The challenge facing various sections of the international community is how to counter terrorism and make the world free from militancy. Or, that’s the stated challenge. Conventional methods have not yielded any results or results that can be replicated and scaled across the world.
At such a juncture, the need is often to think out of the box, to go beyond the conventional methods. Old methodologies can be tweaked or amended, after all.
The dialogue with ‘reasonable’ elements within militant groups must be seen in this context. It’s a departure from the past and it may look offensive on the face of it. But it can provide an opportunity to move towards some dialogue and isolate ‘more radical’ elements within the terrorist groups.
In this context, one need to see India’s participation, though ‘non-official’, in a meeting attended by the Taliban in Moscow. The Indian representatives were instructed not to express their opinion in the meeting. Their job was only to listen. TCA Raghavan, former Indian High Commissioner to Pakistan and Amar Sinha, former Indian Ambassador to Afghanistan were sent by think tanks affiliated to Ministry of External Affairs.
The Moscow format meeting was held on November 9.
The peace in Afghanistan is a major challenge and keeping this in mind, Russia brought regional powers to come together and discuss ways to find peace in the war-torn Afghanistan. The Taliban had sent five members from their ‘political office’ in Qatar.
The Afghanistan government did not send their representatives, instead, sent members of High Peace Council (HPC). USA’s Moscow-based diplomat attended the dialogue.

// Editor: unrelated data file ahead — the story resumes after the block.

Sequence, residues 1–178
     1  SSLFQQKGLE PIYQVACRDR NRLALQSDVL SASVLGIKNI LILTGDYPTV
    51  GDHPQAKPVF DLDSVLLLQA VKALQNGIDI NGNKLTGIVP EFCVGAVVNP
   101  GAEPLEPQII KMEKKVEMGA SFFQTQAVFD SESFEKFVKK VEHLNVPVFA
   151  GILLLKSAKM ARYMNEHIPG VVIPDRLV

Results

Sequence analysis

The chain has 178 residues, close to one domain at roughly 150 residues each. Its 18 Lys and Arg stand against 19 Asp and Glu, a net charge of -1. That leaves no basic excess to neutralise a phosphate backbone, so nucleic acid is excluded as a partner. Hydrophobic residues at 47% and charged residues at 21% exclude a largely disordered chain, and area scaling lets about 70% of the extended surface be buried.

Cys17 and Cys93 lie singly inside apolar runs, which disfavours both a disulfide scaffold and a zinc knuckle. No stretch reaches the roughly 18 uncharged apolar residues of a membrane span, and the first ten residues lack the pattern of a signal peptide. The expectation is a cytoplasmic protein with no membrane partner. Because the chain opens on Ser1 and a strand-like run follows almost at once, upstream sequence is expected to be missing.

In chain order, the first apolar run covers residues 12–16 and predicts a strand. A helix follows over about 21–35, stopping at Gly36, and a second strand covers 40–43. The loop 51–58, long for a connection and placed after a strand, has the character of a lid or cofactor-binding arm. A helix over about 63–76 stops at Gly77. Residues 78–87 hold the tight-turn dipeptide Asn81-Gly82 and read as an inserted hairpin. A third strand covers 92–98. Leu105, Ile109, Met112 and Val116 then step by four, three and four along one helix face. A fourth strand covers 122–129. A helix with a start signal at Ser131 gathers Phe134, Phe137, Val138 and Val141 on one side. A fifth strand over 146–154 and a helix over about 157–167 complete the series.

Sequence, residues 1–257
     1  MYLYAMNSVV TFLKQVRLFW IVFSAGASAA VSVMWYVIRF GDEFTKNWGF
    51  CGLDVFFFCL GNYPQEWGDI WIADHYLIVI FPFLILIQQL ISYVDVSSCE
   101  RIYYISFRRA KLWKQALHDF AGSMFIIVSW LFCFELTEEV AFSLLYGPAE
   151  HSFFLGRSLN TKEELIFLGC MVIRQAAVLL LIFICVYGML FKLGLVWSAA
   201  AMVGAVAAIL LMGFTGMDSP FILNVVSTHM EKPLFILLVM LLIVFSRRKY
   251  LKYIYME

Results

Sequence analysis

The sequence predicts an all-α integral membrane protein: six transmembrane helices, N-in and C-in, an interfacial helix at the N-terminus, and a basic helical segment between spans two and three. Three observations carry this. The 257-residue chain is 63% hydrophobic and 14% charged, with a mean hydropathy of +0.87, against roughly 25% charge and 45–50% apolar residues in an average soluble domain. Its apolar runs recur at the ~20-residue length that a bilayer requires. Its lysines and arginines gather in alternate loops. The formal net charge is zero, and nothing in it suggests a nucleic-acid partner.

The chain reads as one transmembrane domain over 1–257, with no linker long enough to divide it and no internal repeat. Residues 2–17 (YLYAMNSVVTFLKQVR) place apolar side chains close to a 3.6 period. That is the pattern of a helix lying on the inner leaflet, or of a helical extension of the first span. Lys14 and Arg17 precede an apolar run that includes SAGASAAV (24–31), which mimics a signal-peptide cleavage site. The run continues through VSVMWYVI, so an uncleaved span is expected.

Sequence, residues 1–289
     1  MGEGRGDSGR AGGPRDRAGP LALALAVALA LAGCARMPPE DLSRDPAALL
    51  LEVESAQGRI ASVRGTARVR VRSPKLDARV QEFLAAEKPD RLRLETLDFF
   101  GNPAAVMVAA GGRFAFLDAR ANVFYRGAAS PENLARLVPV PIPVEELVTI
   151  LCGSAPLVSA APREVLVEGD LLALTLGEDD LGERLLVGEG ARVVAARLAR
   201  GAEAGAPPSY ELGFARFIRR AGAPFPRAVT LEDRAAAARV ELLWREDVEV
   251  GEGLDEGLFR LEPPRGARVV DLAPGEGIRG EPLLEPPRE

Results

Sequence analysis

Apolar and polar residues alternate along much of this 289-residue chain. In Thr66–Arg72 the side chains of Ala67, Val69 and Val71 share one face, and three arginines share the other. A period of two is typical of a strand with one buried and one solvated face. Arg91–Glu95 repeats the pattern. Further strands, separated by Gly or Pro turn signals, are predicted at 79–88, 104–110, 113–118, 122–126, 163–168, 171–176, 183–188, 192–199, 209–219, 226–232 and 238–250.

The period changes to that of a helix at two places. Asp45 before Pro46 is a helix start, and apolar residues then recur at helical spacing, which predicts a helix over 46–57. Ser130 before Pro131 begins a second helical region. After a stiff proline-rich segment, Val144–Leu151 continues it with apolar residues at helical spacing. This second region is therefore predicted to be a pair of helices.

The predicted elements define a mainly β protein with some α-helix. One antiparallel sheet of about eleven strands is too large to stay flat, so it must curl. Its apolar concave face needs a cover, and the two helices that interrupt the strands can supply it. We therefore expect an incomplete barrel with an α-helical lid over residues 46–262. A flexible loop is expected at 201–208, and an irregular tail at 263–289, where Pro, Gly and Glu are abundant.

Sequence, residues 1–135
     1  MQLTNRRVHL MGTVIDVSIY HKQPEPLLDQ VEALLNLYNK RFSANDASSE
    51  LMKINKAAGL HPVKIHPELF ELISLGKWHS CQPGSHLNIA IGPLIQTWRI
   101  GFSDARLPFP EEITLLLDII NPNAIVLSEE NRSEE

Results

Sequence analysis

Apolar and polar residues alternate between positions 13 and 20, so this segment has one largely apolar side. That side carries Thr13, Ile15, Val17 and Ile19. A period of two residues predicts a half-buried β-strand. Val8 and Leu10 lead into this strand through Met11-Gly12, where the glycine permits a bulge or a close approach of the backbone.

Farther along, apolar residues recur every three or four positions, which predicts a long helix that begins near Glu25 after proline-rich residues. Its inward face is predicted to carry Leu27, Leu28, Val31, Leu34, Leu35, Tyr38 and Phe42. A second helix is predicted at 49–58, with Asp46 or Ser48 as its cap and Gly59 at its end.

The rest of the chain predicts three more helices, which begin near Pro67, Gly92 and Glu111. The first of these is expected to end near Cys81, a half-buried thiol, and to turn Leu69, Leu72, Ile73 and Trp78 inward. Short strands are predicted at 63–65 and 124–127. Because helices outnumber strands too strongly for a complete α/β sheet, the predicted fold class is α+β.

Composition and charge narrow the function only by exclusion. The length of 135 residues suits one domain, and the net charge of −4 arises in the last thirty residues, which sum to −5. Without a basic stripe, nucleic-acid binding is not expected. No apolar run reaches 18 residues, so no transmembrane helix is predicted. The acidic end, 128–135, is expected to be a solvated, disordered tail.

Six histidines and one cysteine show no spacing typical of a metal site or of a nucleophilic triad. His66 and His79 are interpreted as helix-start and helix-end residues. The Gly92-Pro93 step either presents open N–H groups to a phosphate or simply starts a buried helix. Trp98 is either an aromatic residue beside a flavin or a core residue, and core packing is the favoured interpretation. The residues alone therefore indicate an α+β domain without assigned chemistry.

India’s consistent policy on Afghanistan is the process should be Afghan-led and Afghanistan-owned.
The Congress criticised the decision of sending two ‘non officials’ for the meeting saying it’s reversal of India’s stated policy of not engaging with the Taliban or any other militant organisations. Congress spokesperson Manish Tewary said, ”Sitting at the same table with Taliban, notwithstanding the chicanery of saying India was represented at a non-official level, has only served to legitimise Taliban”. The MEA’s stand is there was no talk with the Taliban, two ‘non officials’ only participated in a meeting on Afghanistan hosted by Russia.
India’s position, so far, is there is nothing like ‘good Taliban’ and ‘bad Taliban’. Taliban is bad. Hence, there cannot be a dialogue with them. The growing influence of Islamic State (IS) in the province of Nangarhar is also a matter of concern. There are contradictions between the two militant groups.
Also, the ground reality is, all leading international players - Washington, Beijing, and Moscow - are talking to Taliban. Kabul is also keen to have a formal dialogue with them. In such a scenario, India should also keep a channel of communication open with the Taliban.
Afghan President Ashraf Ghani recently said that it was ‘not a question of if, but when’ an agreement would be reached with the Taliban.
US envoy to the Afghanistan spoke about the possibility of a breakthrough before the presidential election in April 2019.
The Taliban have raised four conditions for the peace talks during the Moscow meeting. The conditions were: withdrawal of sanctions, release of all detained Taliban cadres, formal opening of an office in Afghanistan and stopping of what it described as ‘poisonous propaganda’ against the Taliban. Nobody can assure Taliban on behalf of the Afghanistan.
At various levels, efforts are on to bring Taliban on negotiating table. All these efforts are to create favourable conditions for the launch of talks between Afghan government and Taliban.
Bringing the Taliban to the negotiating table and creating a favourable atmosphere for the dialogue is necessary for the peace in Afghanistan. At the same time, peace in Afghanistan cannot be achieved unless the Pakistan helps the process. India can and should play an important role in the Afghan peace process.